His sureties, who include Mugisha Muntu, FDC spokesperson Ibrahim Ssemujju Nganda, Lord Mayor Erias Lukwago and Rubaga North MP, Moses Kasibante, were each bonded at sh100m, not cash.

Kabaziguruka was also prohibited from travelling outside the country without court’s permission, where he is to report twice every fortnight, starting November 5.

 

NYANZI CALLS FOR AMENDMENT OF LAW

Before delivering his ruling, Justice Nyanzi called on the Law Reform commission, Parliament and individual members, to make amendments in the law so that in future the DPP does not simply refuse to respond to matters before court.

“This is not the first time the DPP has refused to prosecute matters arising out of the army court. The same applied to Gen. Sejusa’s case in February,” the Judge noted.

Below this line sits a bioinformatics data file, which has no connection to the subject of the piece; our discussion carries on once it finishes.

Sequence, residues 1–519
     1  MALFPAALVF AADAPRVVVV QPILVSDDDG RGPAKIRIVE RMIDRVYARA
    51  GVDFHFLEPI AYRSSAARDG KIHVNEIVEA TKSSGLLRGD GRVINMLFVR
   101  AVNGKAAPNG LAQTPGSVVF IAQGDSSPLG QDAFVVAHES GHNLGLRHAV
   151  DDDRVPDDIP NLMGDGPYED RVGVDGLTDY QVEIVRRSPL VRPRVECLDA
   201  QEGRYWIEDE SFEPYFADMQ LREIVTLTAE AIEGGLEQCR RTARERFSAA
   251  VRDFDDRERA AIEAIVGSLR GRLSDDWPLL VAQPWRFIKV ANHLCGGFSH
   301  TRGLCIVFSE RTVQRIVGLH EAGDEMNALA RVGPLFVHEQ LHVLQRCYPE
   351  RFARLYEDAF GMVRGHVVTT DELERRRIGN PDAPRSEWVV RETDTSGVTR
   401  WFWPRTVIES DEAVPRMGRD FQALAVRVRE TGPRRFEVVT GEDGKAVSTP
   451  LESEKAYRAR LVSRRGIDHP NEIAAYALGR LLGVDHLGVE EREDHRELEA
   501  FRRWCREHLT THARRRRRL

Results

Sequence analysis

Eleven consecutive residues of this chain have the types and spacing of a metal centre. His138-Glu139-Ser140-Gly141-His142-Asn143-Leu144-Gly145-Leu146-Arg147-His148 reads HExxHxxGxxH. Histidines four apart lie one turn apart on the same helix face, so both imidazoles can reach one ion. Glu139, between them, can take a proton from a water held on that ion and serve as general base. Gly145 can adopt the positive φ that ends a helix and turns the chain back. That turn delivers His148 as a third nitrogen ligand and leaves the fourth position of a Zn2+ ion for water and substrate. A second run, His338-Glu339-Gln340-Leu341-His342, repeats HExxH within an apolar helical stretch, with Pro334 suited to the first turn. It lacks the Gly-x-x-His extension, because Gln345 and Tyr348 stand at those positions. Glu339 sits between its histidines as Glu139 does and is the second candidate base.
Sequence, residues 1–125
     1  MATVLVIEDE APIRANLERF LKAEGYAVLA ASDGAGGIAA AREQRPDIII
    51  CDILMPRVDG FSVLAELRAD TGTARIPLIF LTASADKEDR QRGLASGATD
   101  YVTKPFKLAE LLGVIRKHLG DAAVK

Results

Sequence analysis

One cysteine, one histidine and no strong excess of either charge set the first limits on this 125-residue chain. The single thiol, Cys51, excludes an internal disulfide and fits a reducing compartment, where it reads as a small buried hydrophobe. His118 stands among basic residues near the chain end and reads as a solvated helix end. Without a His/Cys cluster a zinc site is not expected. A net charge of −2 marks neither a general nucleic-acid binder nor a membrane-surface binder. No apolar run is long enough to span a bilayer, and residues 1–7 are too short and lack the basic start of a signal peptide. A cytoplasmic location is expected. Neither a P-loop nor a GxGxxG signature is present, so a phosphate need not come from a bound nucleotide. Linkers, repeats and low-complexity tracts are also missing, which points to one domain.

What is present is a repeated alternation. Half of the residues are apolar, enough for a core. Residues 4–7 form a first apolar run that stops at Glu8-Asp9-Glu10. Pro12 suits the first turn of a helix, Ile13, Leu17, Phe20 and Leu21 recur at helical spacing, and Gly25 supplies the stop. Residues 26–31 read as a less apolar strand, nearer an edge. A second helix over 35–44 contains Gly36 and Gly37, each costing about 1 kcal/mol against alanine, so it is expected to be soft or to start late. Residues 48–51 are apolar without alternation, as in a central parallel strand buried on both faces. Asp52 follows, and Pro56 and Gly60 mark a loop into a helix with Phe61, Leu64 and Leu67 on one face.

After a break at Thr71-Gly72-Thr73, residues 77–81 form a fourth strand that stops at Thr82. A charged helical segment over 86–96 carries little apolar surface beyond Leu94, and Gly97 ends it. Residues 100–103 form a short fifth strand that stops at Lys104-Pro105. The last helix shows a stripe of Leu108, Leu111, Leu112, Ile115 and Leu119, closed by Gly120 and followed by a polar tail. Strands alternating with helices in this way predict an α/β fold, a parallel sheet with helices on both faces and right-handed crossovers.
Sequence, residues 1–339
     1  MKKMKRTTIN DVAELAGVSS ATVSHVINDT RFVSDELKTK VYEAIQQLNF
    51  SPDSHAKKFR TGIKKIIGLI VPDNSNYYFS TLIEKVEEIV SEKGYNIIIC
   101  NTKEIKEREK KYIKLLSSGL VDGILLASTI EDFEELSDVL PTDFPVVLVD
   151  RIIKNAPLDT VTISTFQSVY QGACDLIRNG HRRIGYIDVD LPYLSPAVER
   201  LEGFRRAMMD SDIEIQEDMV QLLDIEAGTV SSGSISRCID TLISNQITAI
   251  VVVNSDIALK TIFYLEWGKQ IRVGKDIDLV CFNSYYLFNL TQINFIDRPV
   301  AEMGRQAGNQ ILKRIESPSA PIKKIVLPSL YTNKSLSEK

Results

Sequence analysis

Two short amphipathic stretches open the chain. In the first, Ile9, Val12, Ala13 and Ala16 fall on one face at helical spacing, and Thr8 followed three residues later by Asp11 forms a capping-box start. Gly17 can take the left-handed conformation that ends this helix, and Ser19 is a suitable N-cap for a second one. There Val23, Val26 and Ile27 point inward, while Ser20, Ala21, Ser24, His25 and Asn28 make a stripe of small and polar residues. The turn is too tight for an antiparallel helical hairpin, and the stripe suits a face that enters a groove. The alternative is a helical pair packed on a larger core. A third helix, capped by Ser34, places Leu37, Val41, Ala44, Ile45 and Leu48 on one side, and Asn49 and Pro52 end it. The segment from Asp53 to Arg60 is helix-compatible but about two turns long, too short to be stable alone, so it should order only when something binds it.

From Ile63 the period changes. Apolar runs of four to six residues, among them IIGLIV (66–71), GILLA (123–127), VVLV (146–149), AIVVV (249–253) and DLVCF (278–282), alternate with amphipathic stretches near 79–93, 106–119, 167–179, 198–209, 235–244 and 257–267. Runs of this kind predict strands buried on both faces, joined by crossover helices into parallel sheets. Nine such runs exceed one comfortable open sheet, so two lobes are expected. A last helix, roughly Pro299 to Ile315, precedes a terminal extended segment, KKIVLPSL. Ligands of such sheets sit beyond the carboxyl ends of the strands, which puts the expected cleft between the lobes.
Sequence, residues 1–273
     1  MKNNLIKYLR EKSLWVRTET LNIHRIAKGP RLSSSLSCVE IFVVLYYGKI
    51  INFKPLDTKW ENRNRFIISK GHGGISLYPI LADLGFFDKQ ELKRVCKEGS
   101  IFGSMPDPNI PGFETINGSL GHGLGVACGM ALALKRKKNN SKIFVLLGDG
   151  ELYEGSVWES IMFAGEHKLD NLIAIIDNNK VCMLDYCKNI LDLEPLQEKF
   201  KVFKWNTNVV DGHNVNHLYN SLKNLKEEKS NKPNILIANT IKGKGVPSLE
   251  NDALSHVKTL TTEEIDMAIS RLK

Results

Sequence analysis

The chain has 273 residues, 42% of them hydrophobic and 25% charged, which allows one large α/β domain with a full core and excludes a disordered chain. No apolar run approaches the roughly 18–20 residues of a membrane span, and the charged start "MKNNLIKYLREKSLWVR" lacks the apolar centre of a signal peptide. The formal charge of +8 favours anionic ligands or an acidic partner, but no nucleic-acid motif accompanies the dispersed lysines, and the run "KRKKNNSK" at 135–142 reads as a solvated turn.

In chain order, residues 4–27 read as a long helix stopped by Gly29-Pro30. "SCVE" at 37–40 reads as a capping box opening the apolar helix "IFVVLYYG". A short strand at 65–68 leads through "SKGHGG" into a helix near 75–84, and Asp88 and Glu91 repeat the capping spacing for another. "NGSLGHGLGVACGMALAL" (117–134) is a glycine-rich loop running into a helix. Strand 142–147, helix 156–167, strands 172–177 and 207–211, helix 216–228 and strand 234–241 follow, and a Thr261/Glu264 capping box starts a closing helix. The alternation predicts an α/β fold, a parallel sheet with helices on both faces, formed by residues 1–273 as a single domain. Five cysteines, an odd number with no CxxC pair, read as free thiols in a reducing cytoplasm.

SIMILAR CASE WHERE BAIL IS HEARD UNOPPOSED

On April 1, the head of Criminal division of the High Court in Kampala, Justice Wilson Masalu Musene, also granted the former co-ordinator of Intelligence Services, Gen. David Sejusa alias Tinyefuza, a non-cash bail of sh10m, after prosecution declined to oppose his bail, saying his case arises from the GCM.

“Why should court send the applicant back to Luzira when the constitution grants High court judicial powers in all matters? Even if there is no appeal or reference from the GCM, court cannot chase Sejusa from the temple of justice. I, therefore, grant him bail,” Musene stated.

Sejusa was battling charges of absence without leave (AWOL), two offences of participating in political activities, insubordinate behaviour, as well as two counts of conduct prejudicial to good order and discipline expected from an army officer before the GCM.